In case you missed it, there’s a great essay in today’s edition of Raleigh’s News & Observer that deserves to be shared widely. Written by a Hillsborough physician named Aparna Jonnal, it includes some hard and important truths about poverty, inequality and the first and most obvious way to tackle those problems. This is from “How the current minimum wage hurts kids”:
“In this country, 43 percent of children live below or near poverty. Over half of these kids have one parent working full time. They just don’t make enough money. A person working full time making the minimum wage earns a mere $15,080 a year before taxes. If that worker supports any children, they grow up poor. In fact, according to the nonpartisan N.C. Justice Center, the living income standard for one adult with one child is $35,710 a year.
Poverty’s oppressive effect on children renders it nearly impossible for them to thrive and move up the economic ladder. Multiple studies show that being poor adversely affects children’s academic performance. More alarming is a newer finding that poverty causes stunted gray-matter development in children’s brains, negatively affecting their test-taking skills.
In America, we have the added shame of gross levels of economic inequality. Were we all uniformly poor, at least we would each enjoy a roughly fair shot at success. Not so. In this country, the top 20 percent has more than 84 percent of the wealth, and the bottom 40 percent has a mere 0.3 percent. Societies with higher levels of economic inequality have higher rates of violence, infant mortality, teen pregnancy, mental illness, many diseases and lower life expectancy. This disparity isn’t good for anyone, but especially not kids. As the economic gap grows, so does the academic achievement gap.How we expect these youngsters to overcome the odds against them is unclear. There are anecdotes of children prevailing over adversity and achieving great things, but these are rare. Much more likely is that a child will wind up trapped in the generational cycle of poverty. It is a cruel oversimplification to hold that hard work pays off in this country. The facts show that the American dream of upward mobilization has become more of a mirage.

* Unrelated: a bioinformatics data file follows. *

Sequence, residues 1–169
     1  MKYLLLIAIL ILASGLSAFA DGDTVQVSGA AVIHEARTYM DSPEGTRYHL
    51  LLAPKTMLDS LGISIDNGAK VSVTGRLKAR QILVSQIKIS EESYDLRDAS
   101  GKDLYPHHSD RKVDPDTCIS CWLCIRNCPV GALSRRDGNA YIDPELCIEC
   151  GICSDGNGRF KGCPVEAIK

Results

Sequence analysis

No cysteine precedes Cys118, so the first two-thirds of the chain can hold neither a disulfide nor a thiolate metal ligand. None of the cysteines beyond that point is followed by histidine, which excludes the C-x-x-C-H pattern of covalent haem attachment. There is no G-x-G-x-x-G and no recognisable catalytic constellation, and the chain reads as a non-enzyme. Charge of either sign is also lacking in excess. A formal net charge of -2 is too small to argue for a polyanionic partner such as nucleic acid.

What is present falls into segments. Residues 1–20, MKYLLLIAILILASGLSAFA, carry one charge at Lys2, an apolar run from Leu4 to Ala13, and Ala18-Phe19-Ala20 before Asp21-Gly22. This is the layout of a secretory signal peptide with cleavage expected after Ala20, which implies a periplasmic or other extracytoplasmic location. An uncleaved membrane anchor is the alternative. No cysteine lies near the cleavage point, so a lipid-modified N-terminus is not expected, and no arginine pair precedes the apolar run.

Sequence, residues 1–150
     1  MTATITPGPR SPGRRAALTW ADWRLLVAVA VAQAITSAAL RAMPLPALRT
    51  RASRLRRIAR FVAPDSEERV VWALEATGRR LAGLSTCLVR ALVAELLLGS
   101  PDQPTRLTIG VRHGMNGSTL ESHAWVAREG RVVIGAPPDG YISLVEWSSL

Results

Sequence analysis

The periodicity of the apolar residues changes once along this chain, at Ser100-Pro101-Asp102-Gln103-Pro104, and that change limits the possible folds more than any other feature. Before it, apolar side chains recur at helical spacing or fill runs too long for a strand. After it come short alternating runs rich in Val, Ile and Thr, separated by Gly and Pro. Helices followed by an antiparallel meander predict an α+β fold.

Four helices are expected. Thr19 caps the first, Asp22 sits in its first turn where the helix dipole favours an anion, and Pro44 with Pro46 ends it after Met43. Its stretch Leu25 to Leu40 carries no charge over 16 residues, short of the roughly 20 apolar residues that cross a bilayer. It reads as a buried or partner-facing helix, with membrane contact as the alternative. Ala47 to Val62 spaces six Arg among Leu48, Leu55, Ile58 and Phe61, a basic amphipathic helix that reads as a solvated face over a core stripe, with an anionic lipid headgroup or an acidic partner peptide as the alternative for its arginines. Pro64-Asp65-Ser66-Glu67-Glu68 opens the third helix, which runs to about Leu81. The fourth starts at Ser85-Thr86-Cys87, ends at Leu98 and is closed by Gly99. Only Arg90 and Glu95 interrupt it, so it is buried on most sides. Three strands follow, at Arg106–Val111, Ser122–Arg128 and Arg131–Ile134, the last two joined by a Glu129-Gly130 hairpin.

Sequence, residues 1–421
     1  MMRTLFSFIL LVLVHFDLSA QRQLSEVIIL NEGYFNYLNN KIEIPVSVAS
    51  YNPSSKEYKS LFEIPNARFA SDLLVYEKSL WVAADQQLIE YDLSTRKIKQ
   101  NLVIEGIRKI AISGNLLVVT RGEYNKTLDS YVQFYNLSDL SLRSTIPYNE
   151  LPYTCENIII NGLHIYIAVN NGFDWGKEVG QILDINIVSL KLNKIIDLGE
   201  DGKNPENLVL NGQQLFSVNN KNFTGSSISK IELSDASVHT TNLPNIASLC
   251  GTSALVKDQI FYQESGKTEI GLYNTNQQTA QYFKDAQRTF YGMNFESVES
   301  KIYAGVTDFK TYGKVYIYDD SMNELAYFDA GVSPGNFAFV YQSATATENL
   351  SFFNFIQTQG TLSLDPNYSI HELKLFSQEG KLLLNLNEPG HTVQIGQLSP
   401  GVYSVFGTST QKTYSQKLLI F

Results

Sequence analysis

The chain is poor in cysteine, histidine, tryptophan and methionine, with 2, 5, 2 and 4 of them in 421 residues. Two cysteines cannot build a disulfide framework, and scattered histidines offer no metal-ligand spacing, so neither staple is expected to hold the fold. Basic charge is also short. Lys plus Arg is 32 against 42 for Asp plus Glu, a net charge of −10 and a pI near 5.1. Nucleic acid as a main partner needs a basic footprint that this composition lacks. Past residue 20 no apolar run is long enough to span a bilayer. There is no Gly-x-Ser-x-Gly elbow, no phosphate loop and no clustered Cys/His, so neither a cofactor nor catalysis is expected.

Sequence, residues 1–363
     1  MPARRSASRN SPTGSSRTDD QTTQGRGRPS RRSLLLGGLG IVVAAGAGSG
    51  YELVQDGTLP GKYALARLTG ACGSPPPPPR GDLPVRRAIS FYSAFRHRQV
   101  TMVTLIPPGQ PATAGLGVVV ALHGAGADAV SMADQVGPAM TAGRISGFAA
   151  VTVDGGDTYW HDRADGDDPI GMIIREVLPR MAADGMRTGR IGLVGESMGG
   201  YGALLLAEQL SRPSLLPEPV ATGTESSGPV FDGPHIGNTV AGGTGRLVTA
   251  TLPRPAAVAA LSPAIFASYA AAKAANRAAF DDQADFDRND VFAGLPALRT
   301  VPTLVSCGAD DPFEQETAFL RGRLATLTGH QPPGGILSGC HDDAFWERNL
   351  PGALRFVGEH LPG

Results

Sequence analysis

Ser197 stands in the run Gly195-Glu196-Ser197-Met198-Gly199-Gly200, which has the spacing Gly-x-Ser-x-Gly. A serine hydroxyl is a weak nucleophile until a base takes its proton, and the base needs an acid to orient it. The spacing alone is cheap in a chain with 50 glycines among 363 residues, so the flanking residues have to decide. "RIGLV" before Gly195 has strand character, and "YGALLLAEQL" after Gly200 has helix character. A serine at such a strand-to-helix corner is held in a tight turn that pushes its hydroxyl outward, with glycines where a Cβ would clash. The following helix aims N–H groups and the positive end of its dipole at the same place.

To help poor kids, we need to reduce poverty. This requires an actual transfer of wealth, and the least controversial way to achieve this should be by paying fair wages to working people. Workers who make higher wages are healthier, better parents with healthier, more successful children. Raising the minimum wage is not only fair, it is fiscally prudent to avert the later costs of supporting poor kids who could not become productive adults. The benefits of a more equitable society extend far beyond those enjoyed by vulnerable children. Closing the wage gap would reduce violence, improve everyone’s health and foster a more harmonious society for us all to enjoy.
It’s time to raise the minimum wage.”
Click here to read Jonnal’s entire op-ed.